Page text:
Summary of the events in gastric function:

1) Signals from vagus nerve begin gastric secretion in cephalic phase.

2) Physical contact by food triggers release of pepsinogen and H+ in gastric phase.

3) Muscle contraction churns and liquefies chyme and builds pressure toward pyloric sphincter.

4) Gastrin is released into the blood by cells in the pylorus. Gastrin reinforces the other stimuli and acts as a positive feedback mechanism for secretion and motility.

5) The intestinal phase begins when acid chyme enters the duodenum. First more gastrin secretion causes more acid secretion and motility in the stomach.

6) Low pH inhibits gastrin secretion and causes the release of enterogastrones such as GIP into the blood, and causes the enterogastric reflex. These events stop stomach emptying and allow time for digestion in the duodenum before gastrin release again stimulates the stomach.

The duodenum is the site of most digestive enzyme release. Intensive digestion begins here. The duodenum is the first 10" of the small intestine, and receives secretions from the pancreas, from the intestinal mucosal cells, and from the liver and gallbladder. Secretions from the pancreas and bile from the gallbladder enter the duodenum through the hepatopancreatic ampulla and the sphincter of Oddi. These lie where the pancreatic duct and common bile duct join before entering the duodenum. The presence of fatty chyme in the duodenum causes release of the hormone CCK into the bloodstream. CCK is one of the enterogastrones and its main function, besides inhibiting the stomach, is to stimulate the release of enzymes by the pancreas, and the contraction of the gallbladder to release bile. It also stimulates the liver to produce bile. Consumption of excess fat results in excessive bile production by the liver, and this can lead to the formation of gallstones from precipitation of the bile salts.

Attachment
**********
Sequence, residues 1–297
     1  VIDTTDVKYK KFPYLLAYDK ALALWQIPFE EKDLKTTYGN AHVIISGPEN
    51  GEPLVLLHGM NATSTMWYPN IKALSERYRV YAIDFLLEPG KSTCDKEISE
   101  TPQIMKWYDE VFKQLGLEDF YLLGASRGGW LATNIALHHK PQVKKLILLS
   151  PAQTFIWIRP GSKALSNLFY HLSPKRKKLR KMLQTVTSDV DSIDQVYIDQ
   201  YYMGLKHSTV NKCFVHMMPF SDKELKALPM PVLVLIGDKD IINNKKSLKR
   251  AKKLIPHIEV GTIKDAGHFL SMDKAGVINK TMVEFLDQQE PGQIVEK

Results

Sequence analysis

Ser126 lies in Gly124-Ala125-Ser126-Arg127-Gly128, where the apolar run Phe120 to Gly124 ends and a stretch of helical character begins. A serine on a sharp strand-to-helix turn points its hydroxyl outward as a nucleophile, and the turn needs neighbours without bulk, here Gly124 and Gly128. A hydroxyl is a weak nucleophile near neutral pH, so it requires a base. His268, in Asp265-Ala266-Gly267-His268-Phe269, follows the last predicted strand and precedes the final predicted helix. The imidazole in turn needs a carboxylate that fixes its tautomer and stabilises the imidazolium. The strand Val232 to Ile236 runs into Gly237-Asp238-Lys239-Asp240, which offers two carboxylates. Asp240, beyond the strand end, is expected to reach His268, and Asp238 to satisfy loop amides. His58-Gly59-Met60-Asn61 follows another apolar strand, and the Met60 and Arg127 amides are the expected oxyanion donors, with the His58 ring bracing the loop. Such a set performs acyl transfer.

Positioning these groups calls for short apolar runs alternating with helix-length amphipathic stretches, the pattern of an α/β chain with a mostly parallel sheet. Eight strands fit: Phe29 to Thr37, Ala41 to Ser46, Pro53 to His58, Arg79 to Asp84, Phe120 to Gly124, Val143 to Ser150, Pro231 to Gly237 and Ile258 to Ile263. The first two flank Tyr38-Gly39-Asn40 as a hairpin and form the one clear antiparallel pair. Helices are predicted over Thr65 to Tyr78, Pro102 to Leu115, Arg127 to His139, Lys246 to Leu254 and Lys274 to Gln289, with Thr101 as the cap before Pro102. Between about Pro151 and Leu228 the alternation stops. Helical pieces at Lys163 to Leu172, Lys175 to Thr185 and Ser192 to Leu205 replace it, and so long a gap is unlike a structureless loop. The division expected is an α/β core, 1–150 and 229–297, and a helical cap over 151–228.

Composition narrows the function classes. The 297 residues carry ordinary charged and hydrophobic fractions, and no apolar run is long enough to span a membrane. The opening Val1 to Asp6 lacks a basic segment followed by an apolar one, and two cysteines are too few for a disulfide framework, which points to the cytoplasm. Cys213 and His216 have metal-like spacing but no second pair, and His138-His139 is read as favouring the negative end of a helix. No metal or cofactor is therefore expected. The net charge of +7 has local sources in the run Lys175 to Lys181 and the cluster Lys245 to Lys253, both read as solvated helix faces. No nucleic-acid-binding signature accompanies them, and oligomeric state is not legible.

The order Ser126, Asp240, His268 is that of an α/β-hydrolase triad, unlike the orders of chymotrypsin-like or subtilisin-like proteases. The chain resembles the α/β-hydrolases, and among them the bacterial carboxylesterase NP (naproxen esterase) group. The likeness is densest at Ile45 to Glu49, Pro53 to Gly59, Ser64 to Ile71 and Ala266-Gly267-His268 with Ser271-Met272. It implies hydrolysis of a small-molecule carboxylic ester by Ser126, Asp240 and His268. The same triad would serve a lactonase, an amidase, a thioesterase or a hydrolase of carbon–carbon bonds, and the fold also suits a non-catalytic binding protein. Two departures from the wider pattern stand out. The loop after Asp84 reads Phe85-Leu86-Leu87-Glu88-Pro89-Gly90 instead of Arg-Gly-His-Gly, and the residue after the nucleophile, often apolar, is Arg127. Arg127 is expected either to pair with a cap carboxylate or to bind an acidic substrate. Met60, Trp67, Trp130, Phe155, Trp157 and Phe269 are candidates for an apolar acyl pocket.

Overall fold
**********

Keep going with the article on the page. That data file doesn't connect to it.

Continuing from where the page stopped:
The acid in the chyme stimulates the release of secretin which causes the pancreas to release bicarbonate which neutralizes the acidity.

Summary of secretions into the duodenum and their actions:

Bile - produced in the liver and stored in the gallbladder, released in response to CCK . Bile salts (salts of cholic acid) act to emulsify fats, i.e. to split them so that they can mix with water and be acted on by lipase.

Pancreatic juice: Lipase - splits fats into glycerol and fatty acids. Trypsin, and chymotrypsin - protease enzymes which break polypeptides into dipeptides. Carboxypeptidase - splits dipeptide into amino acids. Bicarbonate - neutralizes acid. Amylase - splits polysaccharides into shorter chains and disaccharides.